rious challenge to international law and order.           many of the problems discussed above. To begin with,
                   Finally, globalization has also led to strong      it constitutes a blatant breach of human rights: the
            resistance to democratization and international in-       right to immigrate and the right to seek a better life.
            tervention in third world countries. As some people       Ever since the dawn of history, immigration has been
            in the West step up efforts to push for democracy in      a way—as well as a right—for human beings to es-
            developing countries, many in                                                      cape natural and human disas-
            the developing countries resist                                                    ters and to seek a better life.
            such pressures. They believe           INTERNATIONALISM MAY SOUND NICE,            Over the past two centuries,
            that interventionists often pro-       BUT THE KEY TO SUCCESS AT HOME FOR          however, the world has wit-
            ceed from self-serving biases          THE POLITICIANS IS STILL PATRIOTISM.        nessed increasing restrictions
            and priorities and work for                                                        on immigration. Existing im-
            their own good instead of the                                                      migration systems, particu-
            interests of the people they are supposed to help. They   larly those in richer countries, deny such a right. More-
            also worry that rapid democratization will jeopar-        over, by requiring a certain length of residency for
            dize domestic economic development and political          citizenship and taxing those on citizenship proba-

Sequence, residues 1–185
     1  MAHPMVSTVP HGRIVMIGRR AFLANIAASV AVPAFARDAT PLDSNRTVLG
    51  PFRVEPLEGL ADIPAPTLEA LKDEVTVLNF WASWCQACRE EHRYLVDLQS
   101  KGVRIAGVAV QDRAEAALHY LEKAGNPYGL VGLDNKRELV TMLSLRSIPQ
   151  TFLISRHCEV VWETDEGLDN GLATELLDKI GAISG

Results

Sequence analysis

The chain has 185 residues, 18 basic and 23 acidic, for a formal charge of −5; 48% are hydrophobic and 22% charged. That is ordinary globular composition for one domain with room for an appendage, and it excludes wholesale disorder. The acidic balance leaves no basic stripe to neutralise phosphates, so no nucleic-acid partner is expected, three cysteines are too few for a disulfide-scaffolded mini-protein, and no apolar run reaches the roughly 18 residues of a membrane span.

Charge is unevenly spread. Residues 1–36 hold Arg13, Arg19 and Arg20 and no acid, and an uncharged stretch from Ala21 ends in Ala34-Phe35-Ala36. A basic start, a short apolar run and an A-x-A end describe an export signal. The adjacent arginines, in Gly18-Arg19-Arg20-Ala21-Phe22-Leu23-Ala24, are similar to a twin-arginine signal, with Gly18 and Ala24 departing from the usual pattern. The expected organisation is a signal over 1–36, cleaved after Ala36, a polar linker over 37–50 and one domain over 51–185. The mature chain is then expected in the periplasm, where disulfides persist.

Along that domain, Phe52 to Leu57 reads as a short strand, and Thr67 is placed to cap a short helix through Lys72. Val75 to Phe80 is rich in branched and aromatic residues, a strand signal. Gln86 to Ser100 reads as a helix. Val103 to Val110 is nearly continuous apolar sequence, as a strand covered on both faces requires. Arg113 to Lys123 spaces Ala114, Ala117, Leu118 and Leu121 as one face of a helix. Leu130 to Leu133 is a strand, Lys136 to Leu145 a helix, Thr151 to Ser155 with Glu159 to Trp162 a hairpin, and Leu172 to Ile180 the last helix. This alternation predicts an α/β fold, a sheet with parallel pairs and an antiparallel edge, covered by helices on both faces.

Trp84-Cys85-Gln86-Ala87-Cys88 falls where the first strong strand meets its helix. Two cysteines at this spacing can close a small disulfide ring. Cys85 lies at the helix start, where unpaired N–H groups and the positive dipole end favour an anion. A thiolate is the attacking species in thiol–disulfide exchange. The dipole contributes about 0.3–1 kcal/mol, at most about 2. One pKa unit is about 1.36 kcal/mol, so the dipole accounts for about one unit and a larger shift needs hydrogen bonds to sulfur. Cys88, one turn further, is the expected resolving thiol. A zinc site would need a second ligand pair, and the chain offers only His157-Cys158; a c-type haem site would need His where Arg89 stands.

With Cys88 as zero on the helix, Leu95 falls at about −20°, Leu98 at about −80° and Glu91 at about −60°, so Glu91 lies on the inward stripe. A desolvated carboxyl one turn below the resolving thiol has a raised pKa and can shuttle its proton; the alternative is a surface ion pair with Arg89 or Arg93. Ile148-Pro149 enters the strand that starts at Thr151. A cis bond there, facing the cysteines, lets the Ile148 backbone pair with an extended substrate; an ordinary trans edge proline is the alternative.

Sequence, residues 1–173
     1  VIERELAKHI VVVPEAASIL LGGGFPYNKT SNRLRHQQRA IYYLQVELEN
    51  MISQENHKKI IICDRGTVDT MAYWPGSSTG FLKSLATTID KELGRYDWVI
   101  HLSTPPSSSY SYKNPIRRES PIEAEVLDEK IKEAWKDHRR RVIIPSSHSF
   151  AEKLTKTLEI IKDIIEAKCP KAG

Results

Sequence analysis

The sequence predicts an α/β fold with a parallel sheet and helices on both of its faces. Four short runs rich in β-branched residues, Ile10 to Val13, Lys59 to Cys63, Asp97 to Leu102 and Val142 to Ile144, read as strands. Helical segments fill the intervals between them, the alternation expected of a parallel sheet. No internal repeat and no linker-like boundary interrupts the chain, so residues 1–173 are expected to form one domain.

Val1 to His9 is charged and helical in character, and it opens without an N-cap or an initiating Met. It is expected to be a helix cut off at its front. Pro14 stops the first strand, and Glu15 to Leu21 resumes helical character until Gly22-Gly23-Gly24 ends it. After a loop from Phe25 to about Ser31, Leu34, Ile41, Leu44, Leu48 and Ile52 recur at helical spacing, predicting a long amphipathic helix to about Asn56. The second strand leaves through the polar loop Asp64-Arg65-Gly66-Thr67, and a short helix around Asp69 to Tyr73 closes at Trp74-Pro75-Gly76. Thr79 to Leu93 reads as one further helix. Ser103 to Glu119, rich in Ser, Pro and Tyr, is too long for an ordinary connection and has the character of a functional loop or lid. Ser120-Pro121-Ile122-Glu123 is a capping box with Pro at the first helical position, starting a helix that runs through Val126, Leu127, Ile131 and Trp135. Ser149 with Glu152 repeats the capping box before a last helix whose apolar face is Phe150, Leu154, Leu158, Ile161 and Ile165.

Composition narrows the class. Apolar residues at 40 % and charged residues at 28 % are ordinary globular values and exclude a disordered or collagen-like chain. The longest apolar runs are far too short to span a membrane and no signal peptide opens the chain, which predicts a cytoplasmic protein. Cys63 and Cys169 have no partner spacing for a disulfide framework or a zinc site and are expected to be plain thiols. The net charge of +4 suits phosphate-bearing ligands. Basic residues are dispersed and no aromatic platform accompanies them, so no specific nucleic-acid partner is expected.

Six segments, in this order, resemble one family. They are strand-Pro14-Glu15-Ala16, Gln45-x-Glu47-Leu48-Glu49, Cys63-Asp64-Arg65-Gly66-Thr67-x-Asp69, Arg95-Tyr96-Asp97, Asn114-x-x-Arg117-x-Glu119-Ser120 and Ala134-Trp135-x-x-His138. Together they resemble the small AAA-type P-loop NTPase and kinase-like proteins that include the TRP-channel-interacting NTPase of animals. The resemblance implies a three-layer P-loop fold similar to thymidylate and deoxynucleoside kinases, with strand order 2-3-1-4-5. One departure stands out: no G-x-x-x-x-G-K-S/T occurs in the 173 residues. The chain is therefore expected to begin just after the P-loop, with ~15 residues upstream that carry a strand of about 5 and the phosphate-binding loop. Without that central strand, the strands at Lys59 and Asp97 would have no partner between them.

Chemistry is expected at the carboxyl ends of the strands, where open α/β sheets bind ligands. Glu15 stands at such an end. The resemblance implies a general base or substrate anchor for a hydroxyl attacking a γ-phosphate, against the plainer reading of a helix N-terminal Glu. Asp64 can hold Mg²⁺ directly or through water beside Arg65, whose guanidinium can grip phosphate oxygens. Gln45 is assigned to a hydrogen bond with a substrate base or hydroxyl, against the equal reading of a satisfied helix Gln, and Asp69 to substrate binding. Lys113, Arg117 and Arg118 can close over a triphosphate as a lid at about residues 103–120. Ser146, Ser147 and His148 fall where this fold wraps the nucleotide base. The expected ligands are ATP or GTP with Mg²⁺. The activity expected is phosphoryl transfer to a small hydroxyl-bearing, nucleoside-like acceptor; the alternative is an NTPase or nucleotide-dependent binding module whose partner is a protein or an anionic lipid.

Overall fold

stability. Finally, some also question the validity of    tion, the existing immigration systems perpetrate an-
            the Western form of democracy, which is perceived         other violation of human rights, taxation without
            as giving emphasis to the procedural rather than sub-     representation.
            stantive aspects of democracy.                                   Secondly, the construct of national borders is a
                                                                      hotbed for the growth of nationalism. Since national
            INCONSISTENT BENEFITS                                     borders largely define most people’s interests and
            Upon reflection, one finds that practically all of the    welfare, they tend to identify more with people re-
            problems discussed above have to do with the fact         siding in their same countries and less with others
            that globalization is but a partial and uneven pro-       outside their borders. The more pressures a people
            cess. Whereas capital, technology, information, and       feels from the outside world, the more likely they are